A Low, Dishonest Decade: New Details for the Iraq War Crime Mosaic

Via: Empire Burlesque

Written by Chris Floyd
Thursday, 07 March 2013 00:36

The truth-telling of the imprisoned Bradley Manning continues to bear rich fruit, even as he faces a lifetime in prison for acting on principle to save innocent lives and prevent his country from staining itself further with war crimes. This week, the Guardian released a special investigation into the hideous regime of torture that the United States imposed and empowered during its years-long rape of Iraq.

The Guardian report draws on the trove of documents that Manning gave to Wikileaks (and the now diplomatically “sequestered” Julian Assange) to provide new details on the direct links of America’s highest officials — including the bipartisanly adored and now much mourned retired apparatchik David Petraeus — to the torture of tens of thousands of Iraqis.

In many ways, of course, it’s hardly a revelation that American forces were deeply involved in torture during the “extraordinary achievement” (B. Obama) in Iraq. Some cranks have been writing about it since the earliest days of the invasion — as in this piece, from August 2003:

Here’s a headline you don’t see every day: “War Criminals Hire War Criminals to Hunt Down War Criminals.”

Perhaps that’s not the precise wording used by the Washington Post this week, but it is the absolute essence of its story about the Bush Regime’s new campaign to put Saddam’s murderous security forces on America’s payroll.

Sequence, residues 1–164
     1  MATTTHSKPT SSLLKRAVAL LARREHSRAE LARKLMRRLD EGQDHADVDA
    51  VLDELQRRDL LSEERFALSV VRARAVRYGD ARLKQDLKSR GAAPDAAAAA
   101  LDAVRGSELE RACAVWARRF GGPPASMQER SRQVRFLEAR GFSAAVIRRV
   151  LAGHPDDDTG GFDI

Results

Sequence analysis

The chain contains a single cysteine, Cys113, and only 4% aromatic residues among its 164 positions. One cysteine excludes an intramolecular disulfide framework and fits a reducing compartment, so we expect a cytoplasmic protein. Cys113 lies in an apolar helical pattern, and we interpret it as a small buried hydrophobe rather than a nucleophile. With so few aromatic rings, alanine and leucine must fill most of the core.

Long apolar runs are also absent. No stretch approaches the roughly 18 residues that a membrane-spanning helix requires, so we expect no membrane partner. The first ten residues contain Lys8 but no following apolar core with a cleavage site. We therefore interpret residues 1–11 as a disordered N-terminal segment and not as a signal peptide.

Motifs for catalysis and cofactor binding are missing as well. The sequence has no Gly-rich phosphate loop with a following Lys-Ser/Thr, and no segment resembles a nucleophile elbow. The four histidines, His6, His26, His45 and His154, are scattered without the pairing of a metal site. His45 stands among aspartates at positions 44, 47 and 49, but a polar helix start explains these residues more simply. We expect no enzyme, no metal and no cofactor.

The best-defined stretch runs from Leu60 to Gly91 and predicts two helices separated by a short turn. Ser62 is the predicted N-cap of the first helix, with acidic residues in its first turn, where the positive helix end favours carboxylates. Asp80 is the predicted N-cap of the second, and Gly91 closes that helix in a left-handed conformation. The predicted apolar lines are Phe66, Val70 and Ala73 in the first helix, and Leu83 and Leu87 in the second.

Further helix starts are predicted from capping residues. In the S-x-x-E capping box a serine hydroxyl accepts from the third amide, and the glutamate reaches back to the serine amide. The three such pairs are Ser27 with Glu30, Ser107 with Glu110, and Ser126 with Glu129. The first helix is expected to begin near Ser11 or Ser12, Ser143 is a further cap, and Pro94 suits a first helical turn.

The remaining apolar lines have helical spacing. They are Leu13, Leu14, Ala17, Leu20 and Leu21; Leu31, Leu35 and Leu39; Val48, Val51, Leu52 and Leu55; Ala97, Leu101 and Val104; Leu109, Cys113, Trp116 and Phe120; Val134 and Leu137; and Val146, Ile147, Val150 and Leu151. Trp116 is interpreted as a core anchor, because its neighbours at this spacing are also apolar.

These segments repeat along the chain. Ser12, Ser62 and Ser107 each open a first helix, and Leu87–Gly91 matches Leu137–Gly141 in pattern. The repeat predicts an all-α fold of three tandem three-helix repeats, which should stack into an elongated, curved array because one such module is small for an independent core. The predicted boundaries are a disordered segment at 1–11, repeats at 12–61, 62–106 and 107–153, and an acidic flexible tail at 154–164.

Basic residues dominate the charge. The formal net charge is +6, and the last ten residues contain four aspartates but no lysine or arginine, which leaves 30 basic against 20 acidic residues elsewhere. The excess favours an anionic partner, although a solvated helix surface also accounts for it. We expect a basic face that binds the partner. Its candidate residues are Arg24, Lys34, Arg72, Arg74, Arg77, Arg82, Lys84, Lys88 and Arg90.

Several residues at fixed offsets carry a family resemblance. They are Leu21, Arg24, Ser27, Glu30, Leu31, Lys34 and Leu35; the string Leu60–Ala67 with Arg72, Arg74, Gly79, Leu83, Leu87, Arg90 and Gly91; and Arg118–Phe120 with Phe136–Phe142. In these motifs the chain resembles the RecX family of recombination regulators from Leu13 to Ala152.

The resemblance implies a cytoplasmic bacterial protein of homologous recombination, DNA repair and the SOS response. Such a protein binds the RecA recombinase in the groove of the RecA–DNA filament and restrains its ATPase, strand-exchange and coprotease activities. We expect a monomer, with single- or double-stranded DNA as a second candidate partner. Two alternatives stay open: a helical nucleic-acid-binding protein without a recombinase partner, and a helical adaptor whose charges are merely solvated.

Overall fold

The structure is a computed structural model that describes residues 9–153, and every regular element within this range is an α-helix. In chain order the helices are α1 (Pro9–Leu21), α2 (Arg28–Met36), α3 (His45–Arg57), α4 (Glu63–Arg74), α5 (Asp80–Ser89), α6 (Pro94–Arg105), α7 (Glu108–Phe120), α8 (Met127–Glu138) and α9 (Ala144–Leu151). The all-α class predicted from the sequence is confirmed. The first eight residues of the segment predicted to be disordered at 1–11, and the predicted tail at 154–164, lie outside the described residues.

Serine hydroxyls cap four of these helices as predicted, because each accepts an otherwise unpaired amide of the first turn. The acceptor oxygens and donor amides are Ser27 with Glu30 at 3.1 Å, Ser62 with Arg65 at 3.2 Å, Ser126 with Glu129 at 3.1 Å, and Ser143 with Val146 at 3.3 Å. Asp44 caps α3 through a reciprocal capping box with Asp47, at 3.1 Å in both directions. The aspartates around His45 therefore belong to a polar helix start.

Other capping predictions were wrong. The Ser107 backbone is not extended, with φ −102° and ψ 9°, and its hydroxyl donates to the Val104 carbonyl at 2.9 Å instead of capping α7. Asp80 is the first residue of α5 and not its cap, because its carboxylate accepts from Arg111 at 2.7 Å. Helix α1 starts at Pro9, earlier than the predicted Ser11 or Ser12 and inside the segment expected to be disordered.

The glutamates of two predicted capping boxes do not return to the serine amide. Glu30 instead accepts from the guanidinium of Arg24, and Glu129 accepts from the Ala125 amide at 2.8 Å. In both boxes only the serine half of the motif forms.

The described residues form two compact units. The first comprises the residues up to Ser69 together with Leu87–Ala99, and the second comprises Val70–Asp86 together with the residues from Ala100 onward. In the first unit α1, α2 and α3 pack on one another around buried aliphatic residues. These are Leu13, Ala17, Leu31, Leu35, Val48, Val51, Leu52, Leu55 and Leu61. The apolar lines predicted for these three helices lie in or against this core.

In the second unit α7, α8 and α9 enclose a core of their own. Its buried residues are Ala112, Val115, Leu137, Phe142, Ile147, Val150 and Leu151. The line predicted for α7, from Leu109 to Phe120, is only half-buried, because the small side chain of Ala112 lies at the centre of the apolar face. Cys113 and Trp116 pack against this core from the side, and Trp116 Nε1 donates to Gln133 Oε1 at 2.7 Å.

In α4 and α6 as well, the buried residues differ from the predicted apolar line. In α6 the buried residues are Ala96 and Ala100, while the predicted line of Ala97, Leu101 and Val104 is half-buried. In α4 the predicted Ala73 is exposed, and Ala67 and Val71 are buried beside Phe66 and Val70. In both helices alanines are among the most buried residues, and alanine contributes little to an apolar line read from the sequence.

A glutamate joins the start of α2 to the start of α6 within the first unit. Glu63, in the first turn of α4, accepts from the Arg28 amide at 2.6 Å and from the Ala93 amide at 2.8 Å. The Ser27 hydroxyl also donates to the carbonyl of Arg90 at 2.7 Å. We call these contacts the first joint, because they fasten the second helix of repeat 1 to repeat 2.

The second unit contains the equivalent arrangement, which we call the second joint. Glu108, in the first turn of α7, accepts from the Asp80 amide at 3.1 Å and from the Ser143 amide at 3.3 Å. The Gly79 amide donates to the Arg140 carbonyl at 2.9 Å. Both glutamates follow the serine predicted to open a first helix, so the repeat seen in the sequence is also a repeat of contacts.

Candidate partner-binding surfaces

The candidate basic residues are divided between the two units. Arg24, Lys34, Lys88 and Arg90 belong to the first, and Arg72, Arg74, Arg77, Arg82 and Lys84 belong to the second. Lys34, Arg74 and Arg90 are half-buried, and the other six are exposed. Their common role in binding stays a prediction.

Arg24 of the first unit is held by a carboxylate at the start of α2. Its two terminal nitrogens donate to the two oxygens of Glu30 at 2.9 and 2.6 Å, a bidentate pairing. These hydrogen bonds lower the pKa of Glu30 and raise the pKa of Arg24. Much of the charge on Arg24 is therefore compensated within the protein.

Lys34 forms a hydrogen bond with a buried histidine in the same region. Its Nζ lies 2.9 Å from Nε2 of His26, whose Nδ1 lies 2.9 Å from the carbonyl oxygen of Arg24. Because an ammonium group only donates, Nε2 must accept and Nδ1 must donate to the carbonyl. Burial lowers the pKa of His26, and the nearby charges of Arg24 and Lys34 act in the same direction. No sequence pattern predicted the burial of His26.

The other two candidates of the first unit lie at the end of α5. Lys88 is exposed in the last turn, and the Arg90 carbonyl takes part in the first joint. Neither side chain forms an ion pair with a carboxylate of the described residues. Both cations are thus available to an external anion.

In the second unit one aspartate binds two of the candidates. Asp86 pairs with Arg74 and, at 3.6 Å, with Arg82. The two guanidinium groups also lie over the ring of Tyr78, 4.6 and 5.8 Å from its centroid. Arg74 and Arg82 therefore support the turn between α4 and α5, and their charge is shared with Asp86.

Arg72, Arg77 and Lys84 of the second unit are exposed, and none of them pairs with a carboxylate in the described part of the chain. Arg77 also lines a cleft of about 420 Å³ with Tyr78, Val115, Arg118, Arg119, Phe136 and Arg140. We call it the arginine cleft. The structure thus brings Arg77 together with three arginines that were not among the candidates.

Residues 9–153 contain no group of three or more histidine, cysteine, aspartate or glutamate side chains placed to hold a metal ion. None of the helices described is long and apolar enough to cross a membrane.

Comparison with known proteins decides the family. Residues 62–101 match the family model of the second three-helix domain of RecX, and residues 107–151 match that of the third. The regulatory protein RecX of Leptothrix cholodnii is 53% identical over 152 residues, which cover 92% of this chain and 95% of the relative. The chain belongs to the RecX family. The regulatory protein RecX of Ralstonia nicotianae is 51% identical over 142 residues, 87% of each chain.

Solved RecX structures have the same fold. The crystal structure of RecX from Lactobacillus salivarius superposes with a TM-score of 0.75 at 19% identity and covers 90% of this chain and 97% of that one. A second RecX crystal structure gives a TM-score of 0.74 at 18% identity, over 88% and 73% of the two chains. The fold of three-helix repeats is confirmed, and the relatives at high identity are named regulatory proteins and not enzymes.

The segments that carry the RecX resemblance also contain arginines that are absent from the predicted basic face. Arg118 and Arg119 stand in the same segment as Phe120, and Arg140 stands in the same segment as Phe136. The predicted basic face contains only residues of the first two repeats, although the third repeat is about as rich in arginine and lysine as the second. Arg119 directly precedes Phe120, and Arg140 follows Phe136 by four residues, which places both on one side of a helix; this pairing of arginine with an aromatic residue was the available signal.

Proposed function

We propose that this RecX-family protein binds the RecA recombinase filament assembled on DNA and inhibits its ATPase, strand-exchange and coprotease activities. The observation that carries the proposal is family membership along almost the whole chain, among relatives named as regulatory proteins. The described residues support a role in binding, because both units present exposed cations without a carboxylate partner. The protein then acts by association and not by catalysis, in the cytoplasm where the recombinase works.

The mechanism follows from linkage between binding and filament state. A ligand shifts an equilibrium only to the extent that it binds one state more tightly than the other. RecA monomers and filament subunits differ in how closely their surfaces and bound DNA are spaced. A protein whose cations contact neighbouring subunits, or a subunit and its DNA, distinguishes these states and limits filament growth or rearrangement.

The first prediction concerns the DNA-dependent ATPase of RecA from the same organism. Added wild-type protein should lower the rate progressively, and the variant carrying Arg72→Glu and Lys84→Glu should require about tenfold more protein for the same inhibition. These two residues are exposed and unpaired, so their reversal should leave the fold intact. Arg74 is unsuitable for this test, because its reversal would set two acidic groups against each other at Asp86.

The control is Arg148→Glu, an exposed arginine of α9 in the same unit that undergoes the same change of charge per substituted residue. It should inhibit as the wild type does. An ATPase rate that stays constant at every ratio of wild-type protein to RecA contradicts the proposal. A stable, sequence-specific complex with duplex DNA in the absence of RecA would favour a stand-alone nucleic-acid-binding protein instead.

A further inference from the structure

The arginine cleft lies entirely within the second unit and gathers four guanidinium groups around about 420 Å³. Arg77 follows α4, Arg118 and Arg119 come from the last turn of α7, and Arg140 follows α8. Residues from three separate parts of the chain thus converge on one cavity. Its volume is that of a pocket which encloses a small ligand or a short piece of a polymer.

Yes, the sahibs in Bush’s Iraqi Raj are now doling out American tax dollars to hire the murderers of the infamous Mukhabarat and other agents of the Baathist Gestapo – perhaps hundreds of them. The logic, if that’s the word, seems to be that these bloodstained “insiders” will lead their new imperial masters to other bloodstained “insiders” responsible for bombing the UN headquarters in Baghdad – and killing another dozen American soldiers while Little George was playing with his putts during his month-long Texas siesta.

Naturally, the Iraqi people – even the Bush-appointed leaders of the Potemkin “Governing Council” – aren’t exactly overjoyed at seeing Saddam’s goons return, flush with American money and firepower. And they’re certainly not reassured by the fact that the Bushists have also re-opened Saddam’s most notorious prison, the dread Abu Ghraib, and are now, Mukhabarat-like, filling it with Iraqis – men, women and children as young as 11 – seized from their homes or plucked off the street to be held incommunicado, indefinitely, without due process, just like the old days. As The Times reports, weeping relatives who dare approach the gleaming American razor-wire in search of their “disappeared” loved ones are referred to a crude, hand-written sign pinned to a spike: “No visits are allowed, no information will be given and you must leave.” Perhaps an Iraqi Akhmatova will do justice to these scenes one day.